Organic-Inorganic Perovskites for Photovoltaics and Light Emission

Understanding carrier diffusion and recombination mechanisms, as well as ion migration is key to further development and bringing the perovskite technology to commercialization.

An Executive’s View of the Changes Driving the Energy Economy

Ronald L. Litzinger is president of Edison Energy, the holding company for Edison International’s competitive businesses in emerging sectors of the electric industry. He is responsible for overseeing a portfolio of competitive subsidiaries that includes SoCore Energy, Edison Transmission and Edison Energy Solutions.

Development of Next-Generation Batteries for Plug-in Electric Vehicles

Dr. Faguy manages the Applied Battery Research Program, a part of the Hybrid Electric Systems Group in the Vehicle Technologies Office in the Department of Energy’s Office of Energy Efficiency and Renewable Energy.

Synthesis, Application and Integration of Nanomaterials in Energy Systems

Vincent’s research focuses on the synthesis, application and integration of nanomaterials. His laboratory is devoted to the large-scale production of nanowires and nanocrystals, with an emphasis on colloidal nanomaterials synthesized by scalable solution-based and supercritical fluid-based processes.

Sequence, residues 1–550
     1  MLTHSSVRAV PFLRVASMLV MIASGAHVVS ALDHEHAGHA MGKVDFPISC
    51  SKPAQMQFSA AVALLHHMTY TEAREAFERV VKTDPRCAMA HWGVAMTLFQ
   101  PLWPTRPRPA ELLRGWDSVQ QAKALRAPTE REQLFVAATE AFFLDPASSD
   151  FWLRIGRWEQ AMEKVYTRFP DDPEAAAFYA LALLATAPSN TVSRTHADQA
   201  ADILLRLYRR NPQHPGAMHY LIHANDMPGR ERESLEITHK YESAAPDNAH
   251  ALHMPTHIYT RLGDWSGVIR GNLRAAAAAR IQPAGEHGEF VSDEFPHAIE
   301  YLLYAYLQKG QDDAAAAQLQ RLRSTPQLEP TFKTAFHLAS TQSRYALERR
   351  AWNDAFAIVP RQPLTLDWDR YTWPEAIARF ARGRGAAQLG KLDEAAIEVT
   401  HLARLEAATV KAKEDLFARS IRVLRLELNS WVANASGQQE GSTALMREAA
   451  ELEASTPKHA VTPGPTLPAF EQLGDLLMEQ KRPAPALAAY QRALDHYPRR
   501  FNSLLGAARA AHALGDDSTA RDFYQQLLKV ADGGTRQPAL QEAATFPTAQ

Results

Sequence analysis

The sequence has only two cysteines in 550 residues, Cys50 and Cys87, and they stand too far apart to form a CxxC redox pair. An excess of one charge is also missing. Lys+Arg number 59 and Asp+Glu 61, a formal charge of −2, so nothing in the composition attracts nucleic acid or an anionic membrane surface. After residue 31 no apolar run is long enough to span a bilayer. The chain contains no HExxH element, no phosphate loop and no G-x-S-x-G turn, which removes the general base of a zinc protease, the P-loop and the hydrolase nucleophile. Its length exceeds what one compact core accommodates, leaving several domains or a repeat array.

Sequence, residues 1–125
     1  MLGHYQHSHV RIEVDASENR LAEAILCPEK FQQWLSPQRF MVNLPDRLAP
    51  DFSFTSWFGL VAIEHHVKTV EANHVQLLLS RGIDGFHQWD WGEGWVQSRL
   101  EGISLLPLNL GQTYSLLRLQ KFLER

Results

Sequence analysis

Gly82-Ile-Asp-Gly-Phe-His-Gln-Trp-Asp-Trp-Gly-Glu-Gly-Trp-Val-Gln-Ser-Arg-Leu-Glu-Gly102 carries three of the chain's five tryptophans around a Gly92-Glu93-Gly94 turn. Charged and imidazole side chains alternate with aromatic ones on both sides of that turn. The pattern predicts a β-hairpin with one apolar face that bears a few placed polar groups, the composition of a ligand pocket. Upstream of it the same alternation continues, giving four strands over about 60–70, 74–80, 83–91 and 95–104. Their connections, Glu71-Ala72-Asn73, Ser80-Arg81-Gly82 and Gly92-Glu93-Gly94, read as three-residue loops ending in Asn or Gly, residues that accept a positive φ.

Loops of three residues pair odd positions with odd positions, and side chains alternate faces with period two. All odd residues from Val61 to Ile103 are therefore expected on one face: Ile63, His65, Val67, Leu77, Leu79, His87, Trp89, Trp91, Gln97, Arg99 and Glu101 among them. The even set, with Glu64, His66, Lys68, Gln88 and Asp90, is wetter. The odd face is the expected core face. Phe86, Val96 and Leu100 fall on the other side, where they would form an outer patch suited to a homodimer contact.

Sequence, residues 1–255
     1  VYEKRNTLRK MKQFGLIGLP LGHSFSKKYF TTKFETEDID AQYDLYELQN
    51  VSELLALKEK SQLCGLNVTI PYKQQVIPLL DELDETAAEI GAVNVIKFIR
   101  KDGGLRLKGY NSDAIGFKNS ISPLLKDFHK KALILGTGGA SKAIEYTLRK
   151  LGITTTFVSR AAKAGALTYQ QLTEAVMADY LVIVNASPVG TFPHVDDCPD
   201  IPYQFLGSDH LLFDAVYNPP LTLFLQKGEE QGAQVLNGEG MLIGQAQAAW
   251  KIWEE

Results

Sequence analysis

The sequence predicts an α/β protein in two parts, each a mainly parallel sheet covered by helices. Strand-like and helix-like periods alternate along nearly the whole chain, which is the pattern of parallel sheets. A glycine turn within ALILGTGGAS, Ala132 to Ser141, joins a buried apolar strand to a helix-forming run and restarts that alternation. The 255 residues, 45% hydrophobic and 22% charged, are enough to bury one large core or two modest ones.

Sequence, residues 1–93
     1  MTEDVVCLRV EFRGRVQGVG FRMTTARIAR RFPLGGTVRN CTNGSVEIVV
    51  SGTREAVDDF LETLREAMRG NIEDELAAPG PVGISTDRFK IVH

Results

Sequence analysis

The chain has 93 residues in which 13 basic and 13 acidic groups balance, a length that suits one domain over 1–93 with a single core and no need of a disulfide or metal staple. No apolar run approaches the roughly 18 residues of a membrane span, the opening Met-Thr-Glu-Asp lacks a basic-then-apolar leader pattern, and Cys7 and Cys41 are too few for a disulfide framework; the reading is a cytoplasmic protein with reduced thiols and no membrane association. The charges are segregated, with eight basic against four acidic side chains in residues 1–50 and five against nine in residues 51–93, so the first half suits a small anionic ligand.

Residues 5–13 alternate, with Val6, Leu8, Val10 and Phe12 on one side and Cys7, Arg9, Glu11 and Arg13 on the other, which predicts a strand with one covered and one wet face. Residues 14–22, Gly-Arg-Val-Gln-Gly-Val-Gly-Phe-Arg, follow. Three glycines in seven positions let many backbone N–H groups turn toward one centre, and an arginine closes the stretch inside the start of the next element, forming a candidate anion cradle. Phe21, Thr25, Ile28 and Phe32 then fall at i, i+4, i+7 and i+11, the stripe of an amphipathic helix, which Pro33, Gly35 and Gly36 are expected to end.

Thermochemistry of Redox Active Oxides and its Relevance to Solar Fuel Generation

Laboratories around the world are pursuing a variety of promising strategies for converting solar energy into a reliable energy source for on-demand utilization. Prof. Haile’s recent work on water dissociation for solar-fuel generation by thermochemical processes has created new avenues for harnessing sunlight to meet rising energy demands.

CEI Test Bed Update and Roadmap for the Future

Join the Clean Energy Institute community on Thursday December 10 to hear about the progress of the Clean Energy Institute to date. Get a look at the outcomes of the regional test-bed facility planning sessions and learn about the road ahead from CEI Director Dan Schwartz. A thank you reception for all CEI faculty, students and friends will follow.

Disruptive Solar Technologies versus the State of the Art